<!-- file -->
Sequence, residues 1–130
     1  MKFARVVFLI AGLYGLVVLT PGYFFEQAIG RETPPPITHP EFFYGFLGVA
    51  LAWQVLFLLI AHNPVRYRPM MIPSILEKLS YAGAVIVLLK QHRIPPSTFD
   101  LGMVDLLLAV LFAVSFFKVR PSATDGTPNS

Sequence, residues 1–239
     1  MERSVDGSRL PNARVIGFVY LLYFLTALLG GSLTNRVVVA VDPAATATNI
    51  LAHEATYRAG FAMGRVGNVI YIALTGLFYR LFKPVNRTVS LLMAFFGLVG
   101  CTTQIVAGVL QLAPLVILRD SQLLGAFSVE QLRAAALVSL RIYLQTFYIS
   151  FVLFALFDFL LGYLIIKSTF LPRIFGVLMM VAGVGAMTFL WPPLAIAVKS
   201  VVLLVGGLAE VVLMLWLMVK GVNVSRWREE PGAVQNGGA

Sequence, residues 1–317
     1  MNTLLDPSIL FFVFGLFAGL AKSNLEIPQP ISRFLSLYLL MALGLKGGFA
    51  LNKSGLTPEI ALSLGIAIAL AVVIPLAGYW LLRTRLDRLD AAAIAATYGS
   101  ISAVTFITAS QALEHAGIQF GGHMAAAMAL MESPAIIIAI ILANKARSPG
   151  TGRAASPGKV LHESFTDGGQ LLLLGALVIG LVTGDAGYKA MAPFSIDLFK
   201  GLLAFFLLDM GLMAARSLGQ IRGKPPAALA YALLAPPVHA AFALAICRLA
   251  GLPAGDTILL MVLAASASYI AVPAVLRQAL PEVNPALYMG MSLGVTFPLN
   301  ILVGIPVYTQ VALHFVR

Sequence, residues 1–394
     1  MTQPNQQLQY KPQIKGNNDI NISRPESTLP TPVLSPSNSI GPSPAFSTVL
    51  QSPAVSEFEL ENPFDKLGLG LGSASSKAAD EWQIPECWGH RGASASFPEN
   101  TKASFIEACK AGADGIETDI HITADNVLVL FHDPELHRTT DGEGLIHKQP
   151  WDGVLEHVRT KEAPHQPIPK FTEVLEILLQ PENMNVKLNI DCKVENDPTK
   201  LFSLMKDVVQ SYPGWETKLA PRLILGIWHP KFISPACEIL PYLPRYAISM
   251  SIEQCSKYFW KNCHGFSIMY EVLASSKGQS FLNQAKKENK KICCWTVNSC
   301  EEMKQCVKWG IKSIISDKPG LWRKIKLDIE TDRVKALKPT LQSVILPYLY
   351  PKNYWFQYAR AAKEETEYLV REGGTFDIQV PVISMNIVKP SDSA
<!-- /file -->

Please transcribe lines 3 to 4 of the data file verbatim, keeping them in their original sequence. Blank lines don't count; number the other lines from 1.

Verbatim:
    51  LAWQVLFLLI AHNPVRYRPM MIPSILEKLS YAGAVIVLLK QHRIPPSTFD
   101  LGMVDLLLAV LFAVSFFKVR PSATDGTPNS